Posts Tagged ‘beware the double standard’

Beware the Double Standard

Beware the double standardBeware the double standard by recognizing the ways in which it has failed our society. SlenderChance focuses on the notorious Slender Man stabbing, and Morgan Geyser. This now infamous case has been widely covered both locally and nationally, and is featured in HBO’s newest documentary release by Irene Taylor BrodskyBeware the Slenderman“. Much can be ascertained from delving into the SlenderChance blog, as well as the Journal Sentinel of Wisconsin, yet while the specifics of this case are of vast personal importance to those directly involved, the deeper seated issues have reverberations that touch us all!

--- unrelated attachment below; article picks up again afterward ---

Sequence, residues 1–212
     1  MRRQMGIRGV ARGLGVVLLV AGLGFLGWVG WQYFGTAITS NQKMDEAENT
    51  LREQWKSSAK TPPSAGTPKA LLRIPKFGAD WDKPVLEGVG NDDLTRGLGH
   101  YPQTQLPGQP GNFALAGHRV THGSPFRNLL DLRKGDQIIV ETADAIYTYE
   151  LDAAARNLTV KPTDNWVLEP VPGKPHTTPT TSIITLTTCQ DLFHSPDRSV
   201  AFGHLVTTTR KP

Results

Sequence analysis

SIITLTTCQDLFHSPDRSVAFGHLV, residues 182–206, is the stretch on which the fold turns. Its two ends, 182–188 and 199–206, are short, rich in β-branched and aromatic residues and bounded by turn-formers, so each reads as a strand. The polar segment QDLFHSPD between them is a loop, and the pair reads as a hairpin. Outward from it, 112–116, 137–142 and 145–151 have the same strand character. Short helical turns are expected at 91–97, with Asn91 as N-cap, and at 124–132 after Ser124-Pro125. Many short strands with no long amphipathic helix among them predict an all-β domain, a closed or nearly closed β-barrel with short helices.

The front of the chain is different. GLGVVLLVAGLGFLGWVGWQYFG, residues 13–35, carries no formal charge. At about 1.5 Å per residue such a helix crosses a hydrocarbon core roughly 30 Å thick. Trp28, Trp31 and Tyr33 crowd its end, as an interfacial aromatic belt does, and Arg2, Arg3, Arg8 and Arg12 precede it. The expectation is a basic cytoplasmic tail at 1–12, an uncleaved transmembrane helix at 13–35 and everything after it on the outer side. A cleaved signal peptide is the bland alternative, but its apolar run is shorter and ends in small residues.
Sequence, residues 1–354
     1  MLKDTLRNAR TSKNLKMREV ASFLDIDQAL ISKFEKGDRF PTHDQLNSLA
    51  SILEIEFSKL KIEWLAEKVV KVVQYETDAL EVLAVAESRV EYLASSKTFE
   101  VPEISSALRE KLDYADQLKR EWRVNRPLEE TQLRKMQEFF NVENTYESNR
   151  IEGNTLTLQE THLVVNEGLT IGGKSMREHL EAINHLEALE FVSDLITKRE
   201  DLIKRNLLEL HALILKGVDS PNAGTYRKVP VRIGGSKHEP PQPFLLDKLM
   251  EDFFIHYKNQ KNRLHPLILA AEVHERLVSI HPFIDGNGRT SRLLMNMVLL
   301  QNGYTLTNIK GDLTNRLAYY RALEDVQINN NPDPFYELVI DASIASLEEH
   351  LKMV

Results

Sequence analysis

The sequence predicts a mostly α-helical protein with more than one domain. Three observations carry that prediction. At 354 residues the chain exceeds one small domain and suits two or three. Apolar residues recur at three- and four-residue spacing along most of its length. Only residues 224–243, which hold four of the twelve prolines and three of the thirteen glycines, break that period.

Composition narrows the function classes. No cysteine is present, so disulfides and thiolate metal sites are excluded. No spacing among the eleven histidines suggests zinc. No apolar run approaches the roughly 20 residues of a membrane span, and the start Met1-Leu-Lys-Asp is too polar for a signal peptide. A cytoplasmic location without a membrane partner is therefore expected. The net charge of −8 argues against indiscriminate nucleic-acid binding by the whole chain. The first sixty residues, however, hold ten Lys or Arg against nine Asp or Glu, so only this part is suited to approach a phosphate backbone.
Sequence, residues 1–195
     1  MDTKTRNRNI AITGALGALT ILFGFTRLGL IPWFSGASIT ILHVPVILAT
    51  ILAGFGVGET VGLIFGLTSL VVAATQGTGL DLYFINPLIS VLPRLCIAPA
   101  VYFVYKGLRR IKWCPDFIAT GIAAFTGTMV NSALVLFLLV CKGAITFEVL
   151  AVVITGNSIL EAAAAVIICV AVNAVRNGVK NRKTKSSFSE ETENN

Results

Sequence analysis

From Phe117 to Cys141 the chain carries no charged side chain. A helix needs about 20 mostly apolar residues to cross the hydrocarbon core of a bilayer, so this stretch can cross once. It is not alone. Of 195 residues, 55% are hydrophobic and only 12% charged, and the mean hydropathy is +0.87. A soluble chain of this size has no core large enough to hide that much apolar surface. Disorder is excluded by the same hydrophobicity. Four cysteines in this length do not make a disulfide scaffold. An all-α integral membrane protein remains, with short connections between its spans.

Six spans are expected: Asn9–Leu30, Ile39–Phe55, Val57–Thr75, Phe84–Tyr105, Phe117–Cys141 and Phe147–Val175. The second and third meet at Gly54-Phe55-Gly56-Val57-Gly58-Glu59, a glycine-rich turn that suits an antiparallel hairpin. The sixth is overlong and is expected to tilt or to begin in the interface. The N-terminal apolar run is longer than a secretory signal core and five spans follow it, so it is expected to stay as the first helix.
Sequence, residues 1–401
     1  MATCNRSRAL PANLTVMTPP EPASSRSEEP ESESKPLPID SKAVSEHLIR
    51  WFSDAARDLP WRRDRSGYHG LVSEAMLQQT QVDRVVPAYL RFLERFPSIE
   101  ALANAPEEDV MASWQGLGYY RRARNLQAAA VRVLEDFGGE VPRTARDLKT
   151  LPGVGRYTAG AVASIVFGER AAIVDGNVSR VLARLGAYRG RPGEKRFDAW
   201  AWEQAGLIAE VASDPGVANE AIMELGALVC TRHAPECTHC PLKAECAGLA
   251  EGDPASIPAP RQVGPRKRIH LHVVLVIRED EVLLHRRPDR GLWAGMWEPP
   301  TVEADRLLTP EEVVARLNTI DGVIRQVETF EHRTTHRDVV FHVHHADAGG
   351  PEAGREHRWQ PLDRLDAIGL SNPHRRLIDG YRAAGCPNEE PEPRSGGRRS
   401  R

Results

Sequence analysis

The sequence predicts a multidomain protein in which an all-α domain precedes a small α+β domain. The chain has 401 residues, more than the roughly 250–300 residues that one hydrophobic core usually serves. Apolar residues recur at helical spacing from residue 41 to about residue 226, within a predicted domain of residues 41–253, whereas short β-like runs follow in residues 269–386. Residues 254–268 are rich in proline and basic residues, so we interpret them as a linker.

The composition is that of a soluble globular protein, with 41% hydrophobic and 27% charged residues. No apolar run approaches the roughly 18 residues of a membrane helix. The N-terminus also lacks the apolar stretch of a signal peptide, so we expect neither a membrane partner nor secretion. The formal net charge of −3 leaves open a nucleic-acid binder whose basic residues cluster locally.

Why do we as a society require a person to be 18 years old to purchase and consume tobacco? This law exists because we have deemed those under 18 incapable of Wisconsin's Barbaric Justice Systemmaking a well informed decision concerning their health. The same can be said about voting: we have deemed those under 18 incapable of making responsible decisions concerning who governs our country. We refer to the aforementioned people as “children”, and those 18 and older as “adults”, and this designation has far reaching legal ramifications. Rolling it back even farther, we have laws in place ensuring that anyone under the age of 16 cannot operate a motor vehicle alone, for similar reasons. So we must wonder why Wisconsin law allows a barely 12 year old child to be tried as an adult for a non-fatal stabbing. On its own this seems clearly inconsistent, but when paired with a child suffering from early onset paranoid Schizophrenia, it seems preposterous. We have determined that she is a child and cannot be responsible for driving, smoking or voting, but she CAN be held responsible, as an adult, for a mental illness induced stabbing? Should we then allow Morgan Geyser to drive a car, buy cigarettes, and vote for the president too?